I'm quite confused how to use "I see (noun) (verb/ing)" in these situations:

  1. My baby's crying now:

1a. I see my baby crying.

1b. I see my baby cry.

(Does the 2nd option mean that the baby will cry again?)

  1. My baby cried in the maternity ward:

2a. I saw my baby crying.

2b. I saw my baby cry.

Which option is correct in each of these situations?

  • It would be useful to know what you're confused about in more detail. – Nathan Tuggy May 26 '15 at 22:26
  • 2
    Yes, I see/saw/will see my baby crying are grammatical. – user6951 May 26 '15 at 22:31
  • I'm not sure, what is correct for 1st and what for 2nd figure see is present and saw is past, OK, but, if baby stop crying, but will cry again, what should be correct – Little me May 26 '15 at 22:32
  • @pazzo, question is about cry vs crying ( I see now, wrong topic tittle make me unclear ) – Little me May 26 '15 at 22:38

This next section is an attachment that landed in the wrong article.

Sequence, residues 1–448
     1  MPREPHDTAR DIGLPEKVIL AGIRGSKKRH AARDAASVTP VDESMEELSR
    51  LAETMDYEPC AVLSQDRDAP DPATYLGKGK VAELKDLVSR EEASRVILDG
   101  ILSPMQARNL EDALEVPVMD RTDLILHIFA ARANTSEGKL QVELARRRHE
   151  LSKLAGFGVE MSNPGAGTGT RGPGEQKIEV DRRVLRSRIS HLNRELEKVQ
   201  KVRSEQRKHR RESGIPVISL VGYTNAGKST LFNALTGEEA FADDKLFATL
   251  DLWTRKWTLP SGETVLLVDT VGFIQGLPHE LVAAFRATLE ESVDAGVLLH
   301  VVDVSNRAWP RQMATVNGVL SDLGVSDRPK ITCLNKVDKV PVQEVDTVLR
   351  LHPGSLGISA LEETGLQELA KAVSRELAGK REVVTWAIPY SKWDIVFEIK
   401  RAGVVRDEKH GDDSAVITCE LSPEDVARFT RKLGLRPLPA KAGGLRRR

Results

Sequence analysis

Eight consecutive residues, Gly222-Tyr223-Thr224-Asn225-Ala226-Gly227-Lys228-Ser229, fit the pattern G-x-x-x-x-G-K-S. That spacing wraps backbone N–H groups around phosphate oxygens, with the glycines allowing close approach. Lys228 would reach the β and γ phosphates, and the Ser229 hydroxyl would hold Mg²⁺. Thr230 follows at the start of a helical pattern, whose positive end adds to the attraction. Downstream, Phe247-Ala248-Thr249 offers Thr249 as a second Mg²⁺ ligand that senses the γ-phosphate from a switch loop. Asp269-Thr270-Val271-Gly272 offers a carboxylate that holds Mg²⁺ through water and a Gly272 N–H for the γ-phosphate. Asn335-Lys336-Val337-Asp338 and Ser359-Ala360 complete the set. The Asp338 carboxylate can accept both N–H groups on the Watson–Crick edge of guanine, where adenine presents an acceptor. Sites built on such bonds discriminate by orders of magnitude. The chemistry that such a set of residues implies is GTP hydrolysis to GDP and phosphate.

• 1
    Yes, if the baby is crying now, you say I see my baby crying (now). It doesn't matter if the baby will cry again or not. – user6951 May 26 '15 at 22:41

Your a-sentences imply that you saw the baby crying for a certain moment, while the b-sentences imply that you witnessed the crying from the moment it started and until it ended.

Because of that, sentence 1b seems a bit weird. See means that you are witnessing the crying at that moment, so you cannot use cry since the crying has not finished yet.

  • 1
    1b can be used, but it means something different than 1a: "When she's unhappy, I see my baby cry." It means that seeing your baby cry is something that has happened, and will likely happen again, but it is not happening now. It's like "I am drinking coffee" versus "I drink coffee". In other words, the sentence is okay, but it doesn't mean "my baby's crying now". – DCShannon May 27 '15 at 3:11

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